This module has helped me think about student-centered assessment in the following ways...
When I was a high school student, it felt like teacher grading was very arbitrary and inconsistent. If there were rubrics for grading, I don't remember ever seeing them! I was very fortunate, however, that I consistently met the teachers' standards, whatever they were.
Even in my undergraduate education, it seemed there was little rhyme or reason to the grading. I remember one professor in particular that seemed to just "give" grades. It didn't matter what I did on my assignments, my grade was always 88 percent. I had no idea what I needed to do to improve and really no idea what I was doing correct, either. This professor taught a sequence of public relations classes and my final grade was that dreaded 88 percent.
As a prospective teacher, clear grading is very important to me precisely because I've had so many unclear expectations.
When a student knows exactly what's expected, the student can take more control of the grade. It is a clear cause and effect situation. You put in X amount of effort, you get Y results.
This also takes away any confusion on teacher expectations.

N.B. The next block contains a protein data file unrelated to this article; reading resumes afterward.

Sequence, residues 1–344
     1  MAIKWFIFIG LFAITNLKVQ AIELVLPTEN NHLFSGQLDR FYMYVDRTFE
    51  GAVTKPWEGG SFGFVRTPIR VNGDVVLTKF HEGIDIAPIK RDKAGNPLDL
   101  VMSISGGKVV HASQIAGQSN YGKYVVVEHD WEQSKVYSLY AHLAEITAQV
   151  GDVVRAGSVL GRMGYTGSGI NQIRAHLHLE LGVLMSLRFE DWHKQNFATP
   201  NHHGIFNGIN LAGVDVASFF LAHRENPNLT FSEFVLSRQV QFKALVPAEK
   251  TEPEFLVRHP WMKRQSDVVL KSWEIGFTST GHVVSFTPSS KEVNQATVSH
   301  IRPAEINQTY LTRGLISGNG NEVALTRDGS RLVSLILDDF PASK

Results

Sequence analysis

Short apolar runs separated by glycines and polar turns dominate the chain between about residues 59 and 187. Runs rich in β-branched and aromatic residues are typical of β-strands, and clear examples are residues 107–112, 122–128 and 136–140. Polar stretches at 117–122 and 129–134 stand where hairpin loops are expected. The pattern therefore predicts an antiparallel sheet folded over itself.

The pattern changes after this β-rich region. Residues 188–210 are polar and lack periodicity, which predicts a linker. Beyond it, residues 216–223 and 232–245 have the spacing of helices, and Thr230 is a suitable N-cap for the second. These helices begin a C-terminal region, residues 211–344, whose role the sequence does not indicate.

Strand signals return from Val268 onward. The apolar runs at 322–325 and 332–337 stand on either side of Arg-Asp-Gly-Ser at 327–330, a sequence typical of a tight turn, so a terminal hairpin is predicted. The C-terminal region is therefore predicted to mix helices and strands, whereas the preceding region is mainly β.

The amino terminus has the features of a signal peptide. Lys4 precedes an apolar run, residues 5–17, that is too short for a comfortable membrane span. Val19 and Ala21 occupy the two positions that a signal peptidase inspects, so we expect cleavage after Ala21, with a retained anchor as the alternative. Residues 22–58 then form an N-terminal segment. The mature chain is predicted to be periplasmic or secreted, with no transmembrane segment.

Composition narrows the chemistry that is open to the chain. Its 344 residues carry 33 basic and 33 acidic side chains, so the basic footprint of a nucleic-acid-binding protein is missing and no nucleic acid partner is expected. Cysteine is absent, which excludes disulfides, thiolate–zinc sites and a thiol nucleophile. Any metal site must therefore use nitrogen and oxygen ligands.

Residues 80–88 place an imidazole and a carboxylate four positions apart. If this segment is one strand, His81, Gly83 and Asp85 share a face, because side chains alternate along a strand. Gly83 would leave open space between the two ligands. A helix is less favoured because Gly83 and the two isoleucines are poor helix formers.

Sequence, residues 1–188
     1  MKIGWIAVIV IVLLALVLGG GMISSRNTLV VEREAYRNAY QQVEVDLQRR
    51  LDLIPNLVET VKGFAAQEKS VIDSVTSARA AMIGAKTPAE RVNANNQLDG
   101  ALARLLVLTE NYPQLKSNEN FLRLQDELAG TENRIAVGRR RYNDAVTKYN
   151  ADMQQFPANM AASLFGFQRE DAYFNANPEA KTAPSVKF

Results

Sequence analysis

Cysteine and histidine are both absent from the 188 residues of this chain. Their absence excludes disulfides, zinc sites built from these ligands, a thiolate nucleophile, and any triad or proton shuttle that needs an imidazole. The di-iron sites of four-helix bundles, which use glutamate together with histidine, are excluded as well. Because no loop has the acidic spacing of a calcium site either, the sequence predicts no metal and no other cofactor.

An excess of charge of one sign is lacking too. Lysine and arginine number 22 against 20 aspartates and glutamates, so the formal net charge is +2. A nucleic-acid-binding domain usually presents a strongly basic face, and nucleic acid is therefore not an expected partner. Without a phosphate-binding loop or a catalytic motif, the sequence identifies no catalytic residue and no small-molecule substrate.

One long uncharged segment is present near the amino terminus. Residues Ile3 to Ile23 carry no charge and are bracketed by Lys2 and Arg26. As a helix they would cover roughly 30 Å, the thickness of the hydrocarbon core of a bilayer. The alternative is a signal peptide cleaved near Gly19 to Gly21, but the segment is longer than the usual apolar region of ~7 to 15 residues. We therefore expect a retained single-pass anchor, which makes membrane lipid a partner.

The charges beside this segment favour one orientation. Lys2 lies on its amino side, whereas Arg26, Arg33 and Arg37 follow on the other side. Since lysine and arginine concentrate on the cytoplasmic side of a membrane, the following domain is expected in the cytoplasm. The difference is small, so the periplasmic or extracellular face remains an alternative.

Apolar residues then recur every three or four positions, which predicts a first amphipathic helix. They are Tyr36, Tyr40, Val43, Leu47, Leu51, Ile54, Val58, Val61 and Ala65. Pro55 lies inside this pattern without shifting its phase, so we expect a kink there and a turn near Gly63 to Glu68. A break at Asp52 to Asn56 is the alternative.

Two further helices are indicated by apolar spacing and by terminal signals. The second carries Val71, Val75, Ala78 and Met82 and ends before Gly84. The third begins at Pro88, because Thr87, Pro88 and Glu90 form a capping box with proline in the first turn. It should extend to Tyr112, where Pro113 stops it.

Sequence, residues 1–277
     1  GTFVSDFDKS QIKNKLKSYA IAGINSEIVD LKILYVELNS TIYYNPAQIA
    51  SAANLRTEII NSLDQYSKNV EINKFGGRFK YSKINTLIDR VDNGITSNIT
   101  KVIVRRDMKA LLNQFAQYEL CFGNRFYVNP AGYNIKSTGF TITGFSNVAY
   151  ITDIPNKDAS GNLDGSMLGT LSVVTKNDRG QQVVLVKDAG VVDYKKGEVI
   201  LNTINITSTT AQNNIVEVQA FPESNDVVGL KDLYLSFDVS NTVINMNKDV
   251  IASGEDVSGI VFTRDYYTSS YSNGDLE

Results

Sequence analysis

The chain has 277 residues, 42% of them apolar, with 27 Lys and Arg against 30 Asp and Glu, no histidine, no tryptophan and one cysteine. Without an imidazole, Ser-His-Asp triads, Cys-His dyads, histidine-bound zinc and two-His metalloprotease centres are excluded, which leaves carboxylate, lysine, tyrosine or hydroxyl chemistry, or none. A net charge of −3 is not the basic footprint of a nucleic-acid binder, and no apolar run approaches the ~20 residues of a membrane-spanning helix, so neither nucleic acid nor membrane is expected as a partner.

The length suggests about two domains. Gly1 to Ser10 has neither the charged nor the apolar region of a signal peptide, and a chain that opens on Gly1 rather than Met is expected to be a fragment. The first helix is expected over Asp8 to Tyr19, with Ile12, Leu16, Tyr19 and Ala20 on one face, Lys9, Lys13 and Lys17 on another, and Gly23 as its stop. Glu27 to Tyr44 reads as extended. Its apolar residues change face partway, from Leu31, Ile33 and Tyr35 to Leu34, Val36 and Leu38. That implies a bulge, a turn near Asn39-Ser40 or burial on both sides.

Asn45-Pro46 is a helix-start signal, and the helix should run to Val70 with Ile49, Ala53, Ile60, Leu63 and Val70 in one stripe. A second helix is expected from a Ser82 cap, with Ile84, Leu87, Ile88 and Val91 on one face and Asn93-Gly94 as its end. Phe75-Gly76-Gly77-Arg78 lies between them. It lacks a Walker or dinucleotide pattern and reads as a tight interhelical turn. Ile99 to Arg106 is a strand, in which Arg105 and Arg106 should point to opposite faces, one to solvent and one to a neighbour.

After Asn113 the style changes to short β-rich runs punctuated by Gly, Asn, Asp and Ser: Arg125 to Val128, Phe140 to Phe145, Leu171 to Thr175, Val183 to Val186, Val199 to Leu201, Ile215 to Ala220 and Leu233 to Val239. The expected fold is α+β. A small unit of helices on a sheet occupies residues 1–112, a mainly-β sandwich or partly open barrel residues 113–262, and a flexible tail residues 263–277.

Making the assessment all about what the student DOES and not what the teacher WANTS is an important distinction. A good assessment will show students what they did correctly and what they need to work on.
A good rubric has very clear language. "Student uses good grammar most of the time" is very vague. What does "most of the time" really mean? A better option would be: "Student has 1-4 grammar errors."
This information should also be given to students prior to completing the assignment. The guidelines must be clear.
I have heard many teachers say "I do not give grades, students earn them." This is what a student centered-assessment is supposed to facilitate.
I am also very glad there are tools to help create rubrics. One teacher I spoke with recently said he hated making rubrics because they took so much time. But, this teacher isn't very tech savvy and didn't know about websites like Rubistar or iRubric or Rubrics4Teachers.